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Author Topic: brainwallet question  (Read 374 times)
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November 22, 2013, 10:47:50 AM


I will have a brainwallet for me.
I have found a password that I can remember quite well. Let's say the length of this password would be 50 with a character set of an estimated 80 characters. These would then 80 ^ 50 possibilities for the attacker to crack the password via brute force. To make it harder to bruteforce, I'd still write me a small program that hashes the password x runs long with sha256 , sha512 (or possibly Scrypt ) - which I had imagined that the number to be x is greater than 1 billion. And as a last step, I would attach a number from 1 to y and hash it all over again with sha256 to generate as much as necessary addresses.
I expect to get a secure brainwallet for the next few years as a cold storage (did not before spending my few Bitcoins). However, if I really need to spend my btc, I could by the deterministic address generation send the remaining coins to a new address without having to memorize a new initial password (as the public key is published by a transaction, I'm a bit careful).
Of course, once the computing power increases, I can (if desired) hanging a few characters on the password and / or add more hash runs or create a completely new brainwallet concept.
What do you think of this idea? Would you trust such a brainwallet or would dicewars still be the more sensible option (my password is not based on dicewars and is not actually created 'random' - I want it easy to remember for several years) .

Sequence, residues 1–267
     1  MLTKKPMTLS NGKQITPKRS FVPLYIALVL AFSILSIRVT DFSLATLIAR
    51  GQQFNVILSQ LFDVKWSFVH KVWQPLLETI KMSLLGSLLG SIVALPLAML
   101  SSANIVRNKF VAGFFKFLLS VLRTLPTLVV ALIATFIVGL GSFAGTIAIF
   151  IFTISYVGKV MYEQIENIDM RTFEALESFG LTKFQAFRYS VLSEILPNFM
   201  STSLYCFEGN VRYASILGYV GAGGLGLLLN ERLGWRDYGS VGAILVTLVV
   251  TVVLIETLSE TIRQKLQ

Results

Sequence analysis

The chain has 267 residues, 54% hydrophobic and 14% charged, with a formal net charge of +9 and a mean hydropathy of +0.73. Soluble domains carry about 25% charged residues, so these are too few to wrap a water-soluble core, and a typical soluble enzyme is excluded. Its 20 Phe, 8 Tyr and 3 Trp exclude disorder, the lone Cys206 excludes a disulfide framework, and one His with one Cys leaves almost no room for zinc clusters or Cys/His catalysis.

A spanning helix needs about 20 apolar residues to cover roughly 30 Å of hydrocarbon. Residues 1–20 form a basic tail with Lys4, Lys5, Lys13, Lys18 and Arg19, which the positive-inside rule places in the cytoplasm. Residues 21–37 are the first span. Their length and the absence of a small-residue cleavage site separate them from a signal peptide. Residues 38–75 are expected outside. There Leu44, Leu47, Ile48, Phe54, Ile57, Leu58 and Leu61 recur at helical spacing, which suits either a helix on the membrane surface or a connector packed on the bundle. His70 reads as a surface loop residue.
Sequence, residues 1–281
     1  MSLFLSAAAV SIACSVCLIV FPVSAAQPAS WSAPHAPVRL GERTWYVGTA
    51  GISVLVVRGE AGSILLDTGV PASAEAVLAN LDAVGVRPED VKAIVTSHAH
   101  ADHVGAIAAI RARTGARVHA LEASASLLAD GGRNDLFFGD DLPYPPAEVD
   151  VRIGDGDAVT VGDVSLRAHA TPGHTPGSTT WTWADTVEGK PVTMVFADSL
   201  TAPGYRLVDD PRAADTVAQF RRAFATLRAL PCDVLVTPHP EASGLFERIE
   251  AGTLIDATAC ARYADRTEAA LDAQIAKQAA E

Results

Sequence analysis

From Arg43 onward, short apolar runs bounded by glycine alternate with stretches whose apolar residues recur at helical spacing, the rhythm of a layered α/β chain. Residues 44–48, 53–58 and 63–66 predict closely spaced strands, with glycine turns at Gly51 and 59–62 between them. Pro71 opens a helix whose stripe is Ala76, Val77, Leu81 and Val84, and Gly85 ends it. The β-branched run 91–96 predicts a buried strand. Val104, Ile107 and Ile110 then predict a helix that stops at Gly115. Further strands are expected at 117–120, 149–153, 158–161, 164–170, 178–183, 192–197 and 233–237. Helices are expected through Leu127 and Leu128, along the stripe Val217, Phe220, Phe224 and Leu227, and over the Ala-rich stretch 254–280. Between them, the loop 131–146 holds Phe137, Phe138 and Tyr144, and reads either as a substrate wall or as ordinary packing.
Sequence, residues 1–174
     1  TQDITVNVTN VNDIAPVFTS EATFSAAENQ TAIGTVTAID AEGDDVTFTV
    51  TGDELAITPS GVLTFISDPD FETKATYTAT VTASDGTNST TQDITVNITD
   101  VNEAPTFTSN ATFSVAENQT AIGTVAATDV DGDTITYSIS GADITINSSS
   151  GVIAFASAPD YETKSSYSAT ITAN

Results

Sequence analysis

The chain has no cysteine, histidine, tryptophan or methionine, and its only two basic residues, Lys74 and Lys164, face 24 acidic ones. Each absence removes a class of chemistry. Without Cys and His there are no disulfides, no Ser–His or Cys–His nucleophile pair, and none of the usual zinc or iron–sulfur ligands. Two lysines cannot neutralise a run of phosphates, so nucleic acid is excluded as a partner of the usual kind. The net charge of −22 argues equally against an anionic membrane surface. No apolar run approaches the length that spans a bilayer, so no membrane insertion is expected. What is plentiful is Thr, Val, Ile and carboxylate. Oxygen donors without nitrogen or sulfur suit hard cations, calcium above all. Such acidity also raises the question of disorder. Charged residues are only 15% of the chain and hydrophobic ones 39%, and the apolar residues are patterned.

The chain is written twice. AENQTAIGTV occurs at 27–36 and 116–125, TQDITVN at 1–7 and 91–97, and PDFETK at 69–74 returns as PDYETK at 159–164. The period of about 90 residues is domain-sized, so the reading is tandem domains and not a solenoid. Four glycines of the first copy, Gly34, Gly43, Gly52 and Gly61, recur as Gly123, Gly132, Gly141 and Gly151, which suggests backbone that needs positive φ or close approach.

How useful is it to hang the password several time together (eg 1000 times) before pass the algorithm?
If you have better ideas, at least I can memorize such an algorithm better than dicewars.

PS: Excuse my bad English.
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November 22, 2013, 11:36:38 AM

What you describe is an overkill actually.
Brainwallets are vulnerable only when common phrases used to produce the private key. As long as you don't use "Lady Gaga Poker Face" as your passphrase you shouldn't have a problem.
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November 22, 2013, 11:44:50 AM

PenAndPaper is correct. Braiwallets are also cracked when people use a passphrase from published literature. Better to use something that you can easily remember but no one else would know, like: "At the Gomez's 2010 Christmas party, when Uncle Jim put the lampshade on his head, he tripped and knocked the Christmas tree over."

Armed Citizens and the Law -- NRA-certified firearms instructor
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